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Asia employment law bulletin 2021


Developments in the light of COVID-19

Working from home

The adoption of remote working by employers in Japan in view of the COVID-19 pandemic is low compared to other jurisdictions. There are several reasons that can explain this phenomenon. For example, many employees in Japan commonly live in small housing and do not have private spaces in their homes for them to work in. Moreover, there is a tendency for Japanese workers to rely heavily on paper documents as opposed to electronic means to perform their work, making remote working a far less acceptable option for many.

That being said, there are a number of employers who have defied traditional working practices to welcome remote working or some other hybrid working arrangements. In such instances, as there are strict regulations around Japanese labour laws that govern working hours, employers should ensure that employees keep a proper record that track their actual hours of work performed and that there is no underreporting by employees of working hours for each workday when they work from home. Employers that have introduced work from home arrangements should also constantly monitor the adequacy of their working hours management systems to avoid any unintended breach of the law.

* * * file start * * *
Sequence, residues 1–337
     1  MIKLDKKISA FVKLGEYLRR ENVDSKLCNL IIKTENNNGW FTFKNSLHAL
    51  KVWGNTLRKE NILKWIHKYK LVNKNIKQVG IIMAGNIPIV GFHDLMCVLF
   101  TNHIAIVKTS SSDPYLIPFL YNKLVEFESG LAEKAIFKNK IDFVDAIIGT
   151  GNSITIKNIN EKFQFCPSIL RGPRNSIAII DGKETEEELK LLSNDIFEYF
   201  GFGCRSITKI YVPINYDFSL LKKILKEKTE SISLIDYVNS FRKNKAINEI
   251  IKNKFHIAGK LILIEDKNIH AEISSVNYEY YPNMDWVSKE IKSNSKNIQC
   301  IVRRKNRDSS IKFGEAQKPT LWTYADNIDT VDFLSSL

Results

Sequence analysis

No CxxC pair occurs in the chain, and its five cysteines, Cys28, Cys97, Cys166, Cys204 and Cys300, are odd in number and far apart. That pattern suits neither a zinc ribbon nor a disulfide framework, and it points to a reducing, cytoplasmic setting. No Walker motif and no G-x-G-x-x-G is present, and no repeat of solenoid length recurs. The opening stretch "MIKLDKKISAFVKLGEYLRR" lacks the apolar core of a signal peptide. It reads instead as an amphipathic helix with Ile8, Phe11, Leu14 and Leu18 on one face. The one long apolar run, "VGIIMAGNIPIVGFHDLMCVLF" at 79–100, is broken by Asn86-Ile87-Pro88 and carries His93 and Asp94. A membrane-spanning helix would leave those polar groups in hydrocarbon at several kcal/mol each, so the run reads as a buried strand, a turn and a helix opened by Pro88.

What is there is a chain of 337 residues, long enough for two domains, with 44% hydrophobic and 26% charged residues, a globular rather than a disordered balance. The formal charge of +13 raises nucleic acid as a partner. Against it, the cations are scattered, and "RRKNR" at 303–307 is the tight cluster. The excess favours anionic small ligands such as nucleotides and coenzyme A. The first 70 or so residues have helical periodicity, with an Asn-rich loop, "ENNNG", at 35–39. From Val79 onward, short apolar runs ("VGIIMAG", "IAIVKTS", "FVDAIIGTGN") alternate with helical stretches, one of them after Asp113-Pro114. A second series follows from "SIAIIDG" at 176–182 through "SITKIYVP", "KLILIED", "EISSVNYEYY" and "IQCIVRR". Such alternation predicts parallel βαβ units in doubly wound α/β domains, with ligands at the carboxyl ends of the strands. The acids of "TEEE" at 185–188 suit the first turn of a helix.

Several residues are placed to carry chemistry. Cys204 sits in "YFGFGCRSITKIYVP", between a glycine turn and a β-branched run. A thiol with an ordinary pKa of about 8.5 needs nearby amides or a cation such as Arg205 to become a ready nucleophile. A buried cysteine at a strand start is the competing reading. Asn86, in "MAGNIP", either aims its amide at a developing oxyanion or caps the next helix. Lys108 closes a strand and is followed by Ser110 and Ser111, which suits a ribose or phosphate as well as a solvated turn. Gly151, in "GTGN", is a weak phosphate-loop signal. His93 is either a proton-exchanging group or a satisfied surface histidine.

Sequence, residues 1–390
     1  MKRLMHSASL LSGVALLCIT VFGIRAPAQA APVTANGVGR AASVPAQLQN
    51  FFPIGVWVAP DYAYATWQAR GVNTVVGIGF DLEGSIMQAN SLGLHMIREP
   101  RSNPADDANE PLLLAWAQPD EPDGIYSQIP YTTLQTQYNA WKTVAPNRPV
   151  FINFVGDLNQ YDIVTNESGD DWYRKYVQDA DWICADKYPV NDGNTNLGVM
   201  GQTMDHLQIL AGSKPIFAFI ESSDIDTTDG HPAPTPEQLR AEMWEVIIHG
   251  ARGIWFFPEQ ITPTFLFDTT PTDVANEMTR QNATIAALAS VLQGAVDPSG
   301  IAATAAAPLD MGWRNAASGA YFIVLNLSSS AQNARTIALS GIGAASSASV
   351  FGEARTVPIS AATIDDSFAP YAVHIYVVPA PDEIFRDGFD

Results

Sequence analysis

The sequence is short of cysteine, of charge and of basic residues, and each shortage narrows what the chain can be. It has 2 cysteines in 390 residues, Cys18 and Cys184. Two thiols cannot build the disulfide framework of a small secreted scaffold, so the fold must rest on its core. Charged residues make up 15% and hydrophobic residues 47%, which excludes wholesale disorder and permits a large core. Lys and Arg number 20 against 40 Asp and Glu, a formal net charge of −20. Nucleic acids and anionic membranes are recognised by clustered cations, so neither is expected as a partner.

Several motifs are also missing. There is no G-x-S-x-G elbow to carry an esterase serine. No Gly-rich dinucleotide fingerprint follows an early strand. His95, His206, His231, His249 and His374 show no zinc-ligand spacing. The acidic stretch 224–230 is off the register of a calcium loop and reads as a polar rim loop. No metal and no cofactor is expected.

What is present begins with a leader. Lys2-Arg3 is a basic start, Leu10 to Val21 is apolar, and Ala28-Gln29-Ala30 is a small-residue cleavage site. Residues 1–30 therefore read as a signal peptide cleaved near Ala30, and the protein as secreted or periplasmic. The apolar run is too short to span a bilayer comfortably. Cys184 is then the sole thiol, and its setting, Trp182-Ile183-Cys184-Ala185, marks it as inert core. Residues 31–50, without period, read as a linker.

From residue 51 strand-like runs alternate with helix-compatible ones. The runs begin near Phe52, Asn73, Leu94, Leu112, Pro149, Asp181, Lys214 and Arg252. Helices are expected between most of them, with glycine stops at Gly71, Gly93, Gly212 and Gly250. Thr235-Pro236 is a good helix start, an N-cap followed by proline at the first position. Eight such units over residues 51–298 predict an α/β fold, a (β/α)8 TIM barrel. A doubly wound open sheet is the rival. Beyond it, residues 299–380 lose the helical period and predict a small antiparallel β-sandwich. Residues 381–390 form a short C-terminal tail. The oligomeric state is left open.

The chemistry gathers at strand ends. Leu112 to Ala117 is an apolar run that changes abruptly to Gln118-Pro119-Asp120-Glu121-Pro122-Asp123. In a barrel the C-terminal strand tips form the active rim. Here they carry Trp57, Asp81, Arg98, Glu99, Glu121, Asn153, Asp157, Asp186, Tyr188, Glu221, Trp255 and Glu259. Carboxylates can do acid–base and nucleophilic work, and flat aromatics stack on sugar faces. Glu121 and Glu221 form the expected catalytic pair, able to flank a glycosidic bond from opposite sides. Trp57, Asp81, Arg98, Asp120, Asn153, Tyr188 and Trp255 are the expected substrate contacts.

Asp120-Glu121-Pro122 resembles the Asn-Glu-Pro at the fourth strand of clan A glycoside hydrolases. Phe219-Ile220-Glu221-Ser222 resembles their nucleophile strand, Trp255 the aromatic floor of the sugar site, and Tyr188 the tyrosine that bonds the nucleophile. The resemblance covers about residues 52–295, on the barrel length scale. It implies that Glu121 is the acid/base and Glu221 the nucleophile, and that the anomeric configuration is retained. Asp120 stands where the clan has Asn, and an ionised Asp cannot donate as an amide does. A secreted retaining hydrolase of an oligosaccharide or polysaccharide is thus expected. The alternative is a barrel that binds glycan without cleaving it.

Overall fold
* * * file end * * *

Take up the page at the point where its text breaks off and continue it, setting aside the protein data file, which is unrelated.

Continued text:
Other developments

Another question that may arise if an employer places its employees on leave as a result of  temporary office closure due to a public health emergency (for e.g. a Japanese government-issued lock down) or business hardship, is whether the employer is under any obligation to pay its employees salaries. The answer to this is likely yes. Article 26 of the Labour Standards Act (LSA) provides that an employer is liable to pay an employee 60 per cent or more of his/her salary as “involuntary leave allowance” if an employee is placed under involuntary leave as a result of a reason attributable to the employer. The meaning of an employer’s “reason”  under the LSA is broad to say the least, and can conceivably apply to any aspect of a business with few exceptions, such as a force majeure event. It is therefore generally difficult to be exempt from the payment of involuntary leave allowance even in those situations contemplated above.

Akiko Yamakawa, Vanguard

Misa Osagane, Vanguard